He had vehicle insurance, reader says, but DMV said otherwise – Orange County Register

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Q. In December, I paid my six-month auto insurance premium. But I recently received a threatening Department of Motor Vehicles “Notice of Intent to Suspend” regarding my vehicle’s registration. The DMV said it did not have a record that my vehicle was insured. My insurance company confirmed that the DMV had been informed electronically about my up-to-date policy. The insurance agent told me that she, too, had received such a notice despite having a fully active policy on her car: A DMV agent told her by phone that the DMV is far behind in entering electronic notifications of renewals into its system. So the agency is sending out “Intent to Suspend” notices despite knowing that the failure is almost certainly on its end. I then mailed confirmation of my insurance to the DMV. This is a grave disservice to California drivers resulting in angst, wasted time and effort. What can be done to prevent the DMV from shifting the burden of proof to drivers for its own failure?

– William Skilbeck, West Hills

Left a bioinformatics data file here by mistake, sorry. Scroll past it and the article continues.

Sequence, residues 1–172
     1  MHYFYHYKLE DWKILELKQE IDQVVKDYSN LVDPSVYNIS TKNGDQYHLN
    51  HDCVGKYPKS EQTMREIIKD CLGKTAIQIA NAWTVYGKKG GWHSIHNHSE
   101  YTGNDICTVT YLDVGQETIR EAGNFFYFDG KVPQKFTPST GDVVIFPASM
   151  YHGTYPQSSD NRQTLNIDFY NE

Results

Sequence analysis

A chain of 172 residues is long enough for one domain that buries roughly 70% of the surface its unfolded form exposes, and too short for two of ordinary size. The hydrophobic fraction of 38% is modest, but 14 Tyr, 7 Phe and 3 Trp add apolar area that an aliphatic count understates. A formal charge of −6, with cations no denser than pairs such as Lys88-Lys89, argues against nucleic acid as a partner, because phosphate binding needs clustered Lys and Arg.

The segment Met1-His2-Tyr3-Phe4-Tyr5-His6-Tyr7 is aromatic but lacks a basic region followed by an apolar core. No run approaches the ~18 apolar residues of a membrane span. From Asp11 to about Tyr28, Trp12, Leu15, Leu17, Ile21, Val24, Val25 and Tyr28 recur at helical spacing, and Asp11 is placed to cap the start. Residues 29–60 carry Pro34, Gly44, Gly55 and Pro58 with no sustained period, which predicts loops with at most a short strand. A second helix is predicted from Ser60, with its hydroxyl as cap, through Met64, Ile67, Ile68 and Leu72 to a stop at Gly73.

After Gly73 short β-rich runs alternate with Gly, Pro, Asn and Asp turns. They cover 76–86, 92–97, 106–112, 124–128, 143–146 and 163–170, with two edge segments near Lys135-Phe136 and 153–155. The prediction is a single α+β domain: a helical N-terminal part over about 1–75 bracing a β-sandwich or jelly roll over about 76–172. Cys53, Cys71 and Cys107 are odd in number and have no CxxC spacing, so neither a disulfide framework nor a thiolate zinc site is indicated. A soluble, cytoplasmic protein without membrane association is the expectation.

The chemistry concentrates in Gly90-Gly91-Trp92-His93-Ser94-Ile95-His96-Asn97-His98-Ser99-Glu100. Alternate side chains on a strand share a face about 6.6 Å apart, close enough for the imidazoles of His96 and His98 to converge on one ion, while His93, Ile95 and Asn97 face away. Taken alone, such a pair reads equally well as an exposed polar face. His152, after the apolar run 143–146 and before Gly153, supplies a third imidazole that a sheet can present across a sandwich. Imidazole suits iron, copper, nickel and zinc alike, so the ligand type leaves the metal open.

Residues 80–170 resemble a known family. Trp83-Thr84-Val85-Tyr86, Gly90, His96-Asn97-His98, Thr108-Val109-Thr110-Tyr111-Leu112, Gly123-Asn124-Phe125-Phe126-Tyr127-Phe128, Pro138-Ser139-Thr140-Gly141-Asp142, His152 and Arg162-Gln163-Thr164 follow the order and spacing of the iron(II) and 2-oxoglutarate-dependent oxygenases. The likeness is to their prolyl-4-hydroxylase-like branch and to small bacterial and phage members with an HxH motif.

A. There is a lag time, William, and there was also a glitch.

“The current average processing time for auto insurance verifications into the DMV system is 10 business days,” Ronald Ongtoaboc, a DMV spokesman, told Honk in an email.

Under state law, insurance companies must electronically update the DMV about vehicle insurance. Of course, the company can fail to do so, or mess up the vehicle-information number.

Now, about that glitch.

Besides relying on the insurance company, a driver can submit proof of insurance via the DMV’s website or get help by calling 1-800-777-0133.

So William, it is unclear what happened in your case, but this would have been one way to correct the problem.

But the email address for forwarding proof of insurance was missing for some time.

“The DMV restored it on the website once the department realized it was missing,” Ongtoaboc said. “The DMV apologizes for any inconvenience.”

And, yes, it is vital the DMV knows you have insurance.

“If the DMV does not receive proof of insurance for a vehicle, the vehicle’s registration may be suspended and the vehicle may not be operated or parked on public roadways until proof of insurance is submitted,” Ongtoaboc explained.



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